The Federal Circuit also rejected the argument that substantial utility must be shown by test results. While test results often support claims of utility in patents concerning pharmacological arts, such testing is not always required. All that is required is that the tests be reasonably indicative of the desired pharmacological response. The Federal Circuit said that the patent owner need not prove that Form A has superior stability over Form B for purposes of determining utility — the patent statute does not require that a patentable invention be superior to all prior devices, it is sufficient that Form A is shown to be stable at room temperature and useful for pain relief.

Networking Charging Stations is an Abstract Idea; Even an Apparatus Can be Abstract

In Chargepoint, Inc. v. Semaconnect, Inc., [2018-1739] (March 28, 2019), the Federal Circuit affirmed the 12(b)(6) dismissal of a claim of infringement of U.S. Patent Nos. 8,138,715; 8,432,131, 8,450,967, and 7,956,570 because the claims charging stations for electric vehicles were ineligible for patenting.

ChargePoint contended that its inventors created improved charging stations that address the various needs inherent in electric vehicle charging by creating networked charging stations.

At step one of the Mayo/Alice inquiry, the court must first determine whether the claims at issue are directed to a patent-ineligible concept. Because at some level, all inventions embody, use, reflect, rest upon, or apply laws of nature, natural phenomena, or abstract ideas, it is not enough to merely identify a patent-ineligible concept underlying the claim; the court must determine whether that patent-ineligible concept is what the claim is “directed to.”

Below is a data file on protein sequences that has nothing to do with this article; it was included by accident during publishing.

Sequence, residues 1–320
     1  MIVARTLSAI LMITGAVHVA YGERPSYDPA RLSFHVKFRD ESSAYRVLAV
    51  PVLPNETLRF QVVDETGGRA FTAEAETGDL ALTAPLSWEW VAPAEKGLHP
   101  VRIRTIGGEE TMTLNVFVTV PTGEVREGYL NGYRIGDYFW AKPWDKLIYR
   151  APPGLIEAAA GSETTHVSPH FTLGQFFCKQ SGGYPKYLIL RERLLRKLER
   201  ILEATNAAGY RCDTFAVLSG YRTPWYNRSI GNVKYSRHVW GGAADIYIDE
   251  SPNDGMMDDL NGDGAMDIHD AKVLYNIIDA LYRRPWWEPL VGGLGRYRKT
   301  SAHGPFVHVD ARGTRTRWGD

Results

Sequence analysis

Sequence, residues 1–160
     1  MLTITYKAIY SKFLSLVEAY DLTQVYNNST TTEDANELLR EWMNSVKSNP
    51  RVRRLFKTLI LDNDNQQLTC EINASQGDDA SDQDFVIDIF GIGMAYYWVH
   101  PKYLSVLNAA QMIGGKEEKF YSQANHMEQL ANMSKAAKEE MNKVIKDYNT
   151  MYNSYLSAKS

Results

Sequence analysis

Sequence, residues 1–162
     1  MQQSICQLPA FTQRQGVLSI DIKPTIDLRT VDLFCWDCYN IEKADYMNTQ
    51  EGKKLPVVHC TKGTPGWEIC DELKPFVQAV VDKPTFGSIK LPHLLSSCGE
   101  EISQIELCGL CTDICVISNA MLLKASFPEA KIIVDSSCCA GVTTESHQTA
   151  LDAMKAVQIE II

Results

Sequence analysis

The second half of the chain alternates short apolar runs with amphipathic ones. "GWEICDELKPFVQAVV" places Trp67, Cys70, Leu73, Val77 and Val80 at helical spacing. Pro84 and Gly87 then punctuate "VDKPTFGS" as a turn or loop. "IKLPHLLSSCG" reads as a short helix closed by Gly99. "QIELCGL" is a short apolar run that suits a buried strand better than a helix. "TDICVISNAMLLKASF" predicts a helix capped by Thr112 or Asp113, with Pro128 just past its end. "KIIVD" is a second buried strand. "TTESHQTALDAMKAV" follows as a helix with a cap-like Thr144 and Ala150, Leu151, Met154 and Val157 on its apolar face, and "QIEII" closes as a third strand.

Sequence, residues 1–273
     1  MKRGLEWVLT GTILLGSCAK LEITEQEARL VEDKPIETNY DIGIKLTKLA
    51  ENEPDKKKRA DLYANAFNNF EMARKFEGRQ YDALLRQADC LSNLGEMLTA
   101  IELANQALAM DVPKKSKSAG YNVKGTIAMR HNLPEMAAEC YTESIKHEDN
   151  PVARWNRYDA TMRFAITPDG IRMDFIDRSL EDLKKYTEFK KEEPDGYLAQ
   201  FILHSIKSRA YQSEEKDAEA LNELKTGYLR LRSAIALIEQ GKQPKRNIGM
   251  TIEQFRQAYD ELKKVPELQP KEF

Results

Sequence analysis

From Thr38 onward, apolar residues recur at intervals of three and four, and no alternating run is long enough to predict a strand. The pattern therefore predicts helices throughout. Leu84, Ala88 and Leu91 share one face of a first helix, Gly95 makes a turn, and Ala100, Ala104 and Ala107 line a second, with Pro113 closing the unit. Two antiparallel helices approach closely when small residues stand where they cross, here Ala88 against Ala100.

With respect to claims 1 and 2 of the ‘715 patent, the Federal Circuit found that looking at the problem identified in the patent, as well as the way the patent describes the invention, the specification suggests that the invention of the patent is nothing more than the abstract idea of communication over a network for interacting with a device, applied to the context of electric vehicle charging stations. In short, the inventors here had the good idea to add networking capabilities to existing charging stations to facilitate various business interactions, but that is where they stopped, and that is all they patented. The Federal Circuit thus concluded that the claims were directed to an abstract idea.

With respect to claims 1 and 8 of the ‘131 patent. The Federal Circuit noted that claim 1 of the ‘131 patent was similar to claim 1 of the ‘715 patent. ChargePoint argued that the electricity flow is modified based on demand response principles, but the Federal Circuit found that this does nothing to make this claim directed to something other than the abstract idea. The Court noted that demand response is itself an abstract concept—a familiar business choice to alter terms of dealing to help match supply and demand. The Federal Circuit said that adding one abstract idea to another abstract idea does not render the claim non-abstract. Thus the Federal Circuit concluded that claims were also directed to the abstract idea of communicating over a network.

Claims 1 and 2 of the ‘967 patent are method claims that are similar to the apparatus claims the Federal Circuit had already analyzed. ChargePoint focused its arguments on the ability to modify an electric vehicle charging station’s operation based on a demand response business policy, but the Federal Circuit pointed out that the patent never discusses any technical details regarding how to modify electricity flow, and the fact that any modifications are made in response to a demand response policy merely adds one abstract concept to another. The Federal Circuit concluded that We thus conclude that claims 1 and 2 of the ʼ967 patent are directed to the abstract idea of communicating over a network.

Lastly, with respect to claims 31 and 32 of the ‘570 patent, while the Federal Circuit noted that these claims were in a different form than claim 1 of the ʼ715 patent, it found the analysis of that claim applicable. The Federal Circuit said that the only improvement alleged is use of the concept of network communication to interact with the particular devices. This remains the focus of these two claims, thus making both directed to an abstract idea.

The Federal Circuit concluded that while the eight claims on appeal vary in some respects, they are all directed to the abstract idea of communicating over a network for device interaction. The Court said that communication over a network for that purpose has been and continues to be a “building block of the modern economy.”